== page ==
A spokesman for the Pittsburgh Catholic Diocese declined comment.

TribLIVE commenting policy

You are solely responsible for your comments and by using you agree to our Terms of Service.

We moderate comments. Our goal is to provide substantive commentary for a general readership. By screening submissions, we provide a space where readers can share intelligent and informed commentary that enhances the quality of our news and information.

While most comments will be posted if they are on-topic and not abusive, moderating decisions are subjective. We will make them as carefully and consistently as we can. Because of the volume of reader comments, we cannot review individual moderation decisions with readers.

We value thoughtful comments representing a range of views that make their point quickly and politely. We make an effort to protect discussions from repeated comments either by the same reader or different readers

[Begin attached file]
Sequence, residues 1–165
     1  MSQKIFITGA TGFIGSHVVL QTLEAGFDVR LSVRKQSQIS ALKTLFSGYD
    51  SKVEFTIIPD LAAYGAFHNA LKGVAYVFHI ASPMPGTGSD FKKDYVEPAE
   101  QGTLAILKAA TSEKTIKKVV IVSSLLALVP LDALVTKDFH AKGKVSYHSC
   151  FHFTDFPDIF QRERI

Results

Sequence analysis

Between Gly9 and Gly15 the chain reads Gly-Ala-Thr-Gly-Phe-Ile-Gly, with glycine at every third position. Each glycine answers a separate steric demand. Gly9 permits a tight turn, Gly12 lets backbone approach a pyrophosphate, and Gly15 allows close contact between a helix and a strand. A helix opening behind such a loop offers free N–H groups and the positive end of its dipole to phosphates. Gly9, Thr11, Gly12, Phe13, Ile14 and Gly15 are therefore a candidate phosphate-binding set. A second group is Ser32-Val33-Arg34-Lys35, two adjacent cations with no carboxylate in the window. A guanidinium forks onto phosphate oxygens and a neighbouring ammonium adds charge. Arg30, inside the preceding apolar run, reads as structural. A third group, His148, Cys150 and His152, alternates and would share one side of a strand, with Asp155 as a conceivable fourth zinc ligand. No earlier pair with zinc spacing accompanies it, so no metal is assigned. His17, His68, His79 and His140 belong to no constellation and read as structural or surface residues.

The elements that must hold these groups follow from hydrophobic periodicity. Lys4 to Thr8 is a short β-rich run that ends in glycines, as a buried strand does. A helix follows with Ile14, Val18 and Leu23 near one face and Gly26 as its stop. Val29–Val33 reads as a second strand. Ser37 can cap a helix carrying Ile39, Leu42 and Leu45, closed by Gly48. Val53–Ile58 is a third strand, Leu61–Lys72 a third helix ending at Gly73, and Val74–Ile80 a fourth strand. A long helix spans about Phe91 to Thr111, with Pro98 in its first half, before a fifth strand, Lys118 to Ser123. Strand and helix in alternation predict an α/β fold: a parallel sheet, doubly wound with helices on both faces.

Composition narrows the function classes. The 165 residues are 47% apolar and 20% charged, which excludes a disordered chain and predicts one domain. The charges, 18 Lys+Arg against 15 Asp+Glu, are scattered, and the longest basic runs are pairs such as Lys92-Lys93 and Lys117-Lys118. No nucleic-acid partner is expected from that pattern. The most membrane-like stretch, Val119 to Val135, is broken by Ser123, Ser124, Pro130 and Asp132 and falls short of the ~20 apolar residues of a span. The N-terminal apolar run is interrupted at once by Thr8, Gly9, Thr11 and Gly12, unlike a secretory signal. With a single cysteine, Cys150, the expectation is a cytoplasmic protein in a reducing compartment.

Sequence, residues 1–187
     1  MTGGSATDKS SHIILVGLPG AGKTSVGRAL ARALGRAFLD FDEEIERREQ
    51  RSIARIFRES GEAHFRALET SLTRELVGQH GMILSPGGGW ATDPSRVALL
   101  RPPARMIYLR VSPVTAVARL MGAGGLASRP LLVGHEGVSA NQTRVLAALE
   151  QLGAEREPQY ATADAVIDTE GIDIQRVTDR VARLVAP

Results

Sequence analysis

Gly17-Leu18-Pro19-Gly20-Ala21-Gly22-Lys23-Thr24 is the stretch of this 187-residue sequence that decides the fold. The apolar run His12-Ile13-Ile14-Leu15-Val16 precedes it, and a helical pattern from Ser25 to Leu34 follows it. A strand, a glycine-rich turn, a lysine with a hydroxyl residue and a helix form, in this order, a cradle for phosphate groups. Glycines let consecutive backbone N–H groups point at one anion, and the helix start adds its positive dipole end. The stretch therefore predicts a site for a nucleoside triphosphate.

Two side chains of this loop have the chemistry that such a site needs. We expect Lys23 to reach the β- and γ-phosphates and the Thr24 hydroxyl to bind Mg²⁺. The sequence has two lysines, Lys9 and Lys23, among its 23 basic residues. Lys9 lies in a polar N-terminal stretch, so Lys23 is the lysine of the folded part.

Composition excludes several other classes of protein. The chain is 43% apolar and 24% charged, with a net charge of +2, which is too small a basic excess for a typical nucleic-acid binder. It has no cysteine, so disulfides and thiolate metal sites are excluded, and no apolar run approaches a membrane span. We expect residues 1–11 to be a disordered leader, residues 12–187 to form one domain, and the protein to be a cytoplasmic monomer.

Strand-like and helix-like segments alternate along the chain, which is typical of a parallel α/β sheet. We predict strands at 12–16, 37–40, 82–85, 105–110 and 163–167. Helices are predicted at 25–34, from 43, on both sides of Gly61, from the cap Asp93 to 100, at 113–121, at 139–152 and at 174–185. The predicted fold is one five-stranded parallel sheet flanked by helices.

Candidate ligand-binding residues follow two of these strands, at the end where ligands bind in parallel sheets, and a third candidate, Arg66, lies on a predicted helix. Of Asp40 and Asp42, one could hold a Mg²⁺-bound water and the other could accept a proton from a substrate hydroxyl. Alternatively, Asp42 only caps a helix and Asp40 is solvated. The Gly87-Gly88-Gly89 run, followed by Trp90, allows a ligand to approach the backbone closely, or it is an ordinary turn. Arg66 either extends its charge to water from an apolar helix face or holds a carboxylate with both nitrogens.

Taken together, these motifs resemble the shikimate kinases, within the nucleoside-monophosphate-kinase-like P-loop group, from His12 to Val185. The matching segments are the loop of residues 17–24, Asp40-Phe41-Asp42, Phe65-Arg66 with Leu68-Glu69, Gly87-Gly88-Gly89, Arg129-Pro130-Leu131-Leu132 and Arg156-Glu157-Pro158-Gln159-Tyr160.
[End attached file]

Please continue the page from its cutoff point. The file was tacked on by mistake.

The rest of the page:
We follow the same standards for taste as the daily newspaper. A few things we won't tolerate: personal attacks, obscenity, vulgarity, profanity (including expletives and letters followed by dashes), commercial promotion, impersonations, incoherence, proselytizing and SHOUTING. Don't include URLs to Web sites.

We do not edit comments. They are either approved or deleted. We reserve the right to edit a comment that is quoted or excerpted in an article. In this case, we may fix spelling and punctuation.

We welcome strong opinions and criticism of our work, but we don't want comments to become bogged down with discussions of our policies and we will moderate accordingly.

We appreciate it when readers and people quoted in articles or blog posts point out errors of fact or emphasis and will investigate all assertions. But these suggestions should be sent via e-mail. To avoid distracting other readers, we won't publish comments that suggest a correction. Instead, corrections will be made in a blog post or in an article.